- The Washington Times - Thursday, September 15, 2005

A document distributed to faculty and seminarians at America’s 229 Roman Catholic seminaries asks pointed questions about homosexuality, dissenting faculty members and aberrant theology.

Known as the “instrumentum laboris,” the 12-page working document used by a team of 117 Vatican investigators includes a long list of questions for faculty members, seminarians and all men who have graduated from that seminary in the past three years.

One question, which the document stipulates “must be answered,” asks if there is “evidence of homosexuality” in the institution. Another asks if the seminary is free from New Age influences.

Another question with the stipulation that it must be answered: “Do the seminarians or faculty members have concerns about the moral life of those living in the institution?”

Details of the document, a key tool in an investigation known as an apostolic visitation, were released yesterday in the New York Times.

The Vatican began the visitations in 2002 in response to the sexual abuse crisis in the U.S. Catholic Church. Monsignor Steven Rohlfs, rector of St. Mary’s Seminary in Emmitsburg, Md., said his faculty and 157 seminarians received copies of the document a month ago.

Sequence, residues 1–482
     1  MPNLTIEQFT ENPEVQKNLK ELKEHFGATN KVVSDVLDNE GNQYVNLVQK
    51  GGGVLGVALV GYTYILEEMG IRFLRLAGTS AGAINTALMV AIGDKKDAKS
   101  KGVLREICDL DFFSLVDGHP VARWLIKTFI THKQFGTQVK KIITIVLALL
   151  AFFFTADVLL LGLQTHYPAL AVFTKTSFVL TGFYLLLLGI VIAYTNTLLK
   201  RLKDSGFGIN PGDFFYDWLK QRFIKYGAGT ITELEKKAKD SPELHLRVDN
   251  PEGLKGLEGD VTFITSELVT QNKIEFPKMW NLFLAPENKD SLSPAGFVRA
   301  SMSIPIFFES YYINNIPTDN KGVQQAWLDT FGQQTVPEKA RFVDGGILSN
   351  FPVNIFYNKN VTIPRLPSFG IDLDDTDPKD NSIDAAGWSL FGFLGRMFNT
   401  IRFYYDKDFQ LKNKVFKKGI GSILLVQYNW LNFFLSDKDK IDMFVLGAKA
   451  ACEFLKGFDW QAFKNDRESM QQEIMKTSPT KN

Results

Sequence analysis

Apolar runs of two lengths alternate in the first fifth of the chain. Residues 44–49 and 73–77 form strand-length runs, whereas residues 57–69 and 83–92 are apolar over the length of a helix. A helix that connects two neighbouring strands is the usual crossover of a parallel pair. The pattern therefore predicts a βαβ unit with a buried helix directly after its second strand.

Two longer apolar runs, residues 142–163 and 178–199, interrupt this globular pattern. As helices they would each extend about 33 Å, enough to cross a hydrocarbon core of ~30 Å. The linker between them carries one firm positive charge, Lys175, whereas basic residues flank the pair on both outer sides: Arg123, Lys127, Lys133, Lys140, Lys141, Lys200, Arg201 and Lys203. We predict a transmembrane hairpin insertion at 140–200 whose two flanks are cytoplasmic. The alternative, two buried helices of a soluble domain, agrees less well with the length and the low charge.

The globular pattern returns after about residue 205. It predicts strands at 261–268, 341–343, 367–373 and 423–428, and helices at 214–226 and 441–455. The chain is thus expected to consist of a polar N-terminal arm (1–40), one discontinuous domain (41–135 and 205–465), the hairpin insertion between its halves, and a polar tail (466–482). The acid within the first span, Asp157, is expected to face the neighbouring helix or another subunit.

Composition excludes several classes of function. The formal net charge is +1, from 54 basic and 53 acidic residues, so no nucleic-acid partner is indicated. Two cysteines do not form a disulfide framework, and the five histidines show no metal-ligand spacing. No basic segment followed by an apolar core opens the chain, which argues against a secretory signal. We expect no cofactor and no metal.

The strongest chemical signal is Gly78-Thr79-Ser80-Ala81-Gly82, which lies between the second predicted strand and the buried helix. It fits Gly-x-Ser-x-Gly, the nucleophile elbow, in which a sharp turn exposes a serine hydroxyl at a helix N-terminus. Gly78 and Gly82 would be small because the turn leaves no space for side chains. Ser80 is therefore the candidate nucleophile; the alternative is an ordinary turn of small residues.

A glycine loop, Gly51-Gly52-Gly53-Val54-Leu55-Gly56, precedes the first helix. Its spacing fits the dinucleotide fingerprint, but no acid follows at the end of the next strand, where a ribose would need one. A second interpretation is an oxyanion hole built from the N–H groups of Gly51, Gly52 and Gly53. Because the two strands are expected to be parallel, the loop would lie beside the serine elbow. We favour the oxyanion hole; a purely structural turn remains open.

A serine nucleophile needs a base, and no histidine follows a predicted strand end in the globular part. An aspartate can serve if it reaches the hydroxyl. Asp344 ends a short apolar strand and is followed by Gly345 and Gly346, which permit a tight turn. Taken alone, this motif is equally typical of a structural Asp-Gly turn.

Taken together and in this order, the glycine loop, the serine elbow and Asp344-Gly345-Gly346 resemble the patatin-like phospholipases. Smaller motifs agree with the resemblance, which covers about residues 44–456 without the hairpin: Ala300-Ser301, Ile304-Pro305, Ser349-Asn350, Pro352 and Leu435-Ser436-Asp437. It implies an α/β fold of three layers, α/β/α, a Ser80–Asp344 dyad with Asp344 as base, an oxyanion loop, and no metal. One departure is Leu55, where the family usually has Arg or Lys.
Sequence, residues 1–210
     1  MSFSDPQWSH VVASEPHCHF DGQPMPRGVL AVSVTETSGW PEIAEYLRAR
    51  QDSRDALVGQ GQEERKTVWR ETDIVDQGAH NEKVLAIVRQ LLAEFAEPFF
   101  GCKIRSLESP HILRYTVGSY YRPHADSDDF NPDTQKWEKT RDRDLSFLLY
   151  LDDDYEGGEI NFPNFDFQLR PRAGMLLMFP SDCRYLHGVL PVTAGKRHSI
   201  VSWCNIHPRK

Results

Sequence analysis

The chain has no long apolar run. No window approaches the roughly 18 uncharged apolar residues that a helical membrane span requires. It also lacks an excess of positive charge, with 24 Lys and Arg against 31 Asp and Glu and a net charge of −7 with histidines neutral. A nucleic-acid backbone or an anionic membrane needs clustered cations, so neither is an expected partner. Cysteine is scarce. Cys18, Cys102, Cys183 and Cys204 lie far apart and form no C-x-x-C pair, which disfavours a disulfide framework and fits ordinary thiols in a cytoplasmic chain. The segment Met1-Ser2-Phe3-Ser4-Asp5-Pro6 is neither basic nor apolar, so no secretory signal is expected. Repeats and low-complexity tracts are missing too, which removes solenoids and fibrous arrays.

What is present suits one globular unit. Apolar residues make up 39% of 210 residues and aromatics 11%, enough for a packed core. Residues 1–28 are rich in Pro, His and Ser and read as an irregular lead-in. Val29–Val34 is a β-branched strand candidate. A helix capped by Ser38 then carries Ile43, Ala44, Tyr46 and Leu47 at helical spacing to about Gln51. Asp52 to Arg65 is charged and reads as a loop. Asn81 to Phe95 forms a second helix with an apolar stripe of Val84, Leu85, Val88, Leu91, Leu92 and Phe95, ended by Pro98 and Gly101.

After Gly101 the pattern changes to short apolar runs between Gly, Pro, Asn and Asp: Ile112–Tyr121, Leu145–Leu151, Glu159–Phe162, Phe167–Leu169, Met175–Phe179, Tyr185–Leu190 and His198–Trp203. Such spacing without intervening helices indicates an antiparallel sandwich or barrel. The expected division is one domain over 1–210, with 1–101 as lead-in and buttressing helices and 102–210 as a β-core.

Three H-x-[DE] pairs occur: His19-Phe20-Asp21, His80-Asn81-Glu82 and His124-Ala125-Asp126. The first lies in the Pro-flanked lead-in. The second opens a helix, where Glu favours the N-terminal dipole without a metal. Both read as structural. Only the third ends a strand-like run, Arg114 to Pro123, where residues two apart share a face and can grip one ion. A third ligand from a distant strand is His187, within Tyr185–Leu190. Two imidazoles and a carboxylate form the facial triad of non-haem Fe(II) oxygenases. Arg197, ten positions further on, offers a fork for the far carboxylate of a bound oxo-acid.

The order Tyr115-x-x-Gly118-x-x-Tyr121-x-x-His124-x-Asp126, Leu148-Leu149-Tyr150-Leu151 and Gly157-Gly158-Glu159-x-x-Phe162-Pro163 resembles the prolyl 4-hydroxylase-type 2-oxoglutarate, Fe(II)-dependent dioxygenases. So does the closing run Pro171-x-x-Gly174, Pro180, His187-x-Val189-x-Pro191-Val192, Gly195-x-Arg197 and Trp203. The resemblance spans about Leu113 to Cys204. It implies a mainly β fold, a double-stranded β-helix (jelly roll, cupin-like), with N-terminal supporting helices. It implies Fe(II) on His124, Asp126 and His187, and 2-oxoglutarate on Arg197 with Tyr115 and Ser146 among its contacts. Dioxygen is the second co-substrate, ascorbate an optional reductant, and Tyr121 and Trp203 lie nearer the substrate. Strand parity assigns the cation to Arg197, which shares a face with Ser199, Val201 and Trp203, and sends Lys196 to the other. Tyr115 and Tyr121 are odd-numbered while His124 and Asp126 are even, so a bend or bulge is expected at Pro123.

“There are no questions that are unexpected,” he said. “I would have thought up the same questions. They are the obvious ones.”

A team of five investigators will visit St. Mary’s from Oct. 16 through 21, Monsignor Rohlfs added. Other local seminaries to be visited include St. Mary’s Seminary, Roland Park, in Baltimore and Catholic University in the District.

But the investigators, who were in Baltimore yesterday for a training session, are searching in the wrong places in terms of homosexuality, said Richard Sipe, author of the recent book “Sex, Priests and Secret Codes.”

“The church needs to start at the top because violation of vows of celibacy begins there,” he said. “There are a great number of Catholic priests, bishops and cardinals who are sexually active. They’re just scapegoating the homosexual priests.”

Estimates of homosexual seminarians range from 25 percent to 50 percent. A 2004 U.S. Conference of Catholic Bishops investigation called for “a more searching inquiry” of homosexual seminarians “to help them with the challenge of priestly celibacy.”

Nevertheless, “The Vatican is snooping in the wrong closet by investigating seminaries,” Mr. Sipe said. “They need to investigate the Vatican.”

Debbie Weill, executive director of Dignity, the Catholic homosexual caucus, called the apostolic visitation a “witch hunt.”

“The church is continuing to scapegoat gay priests for the sex abuse crisis in the church while failing to address the core issues of the crisis,” she said.

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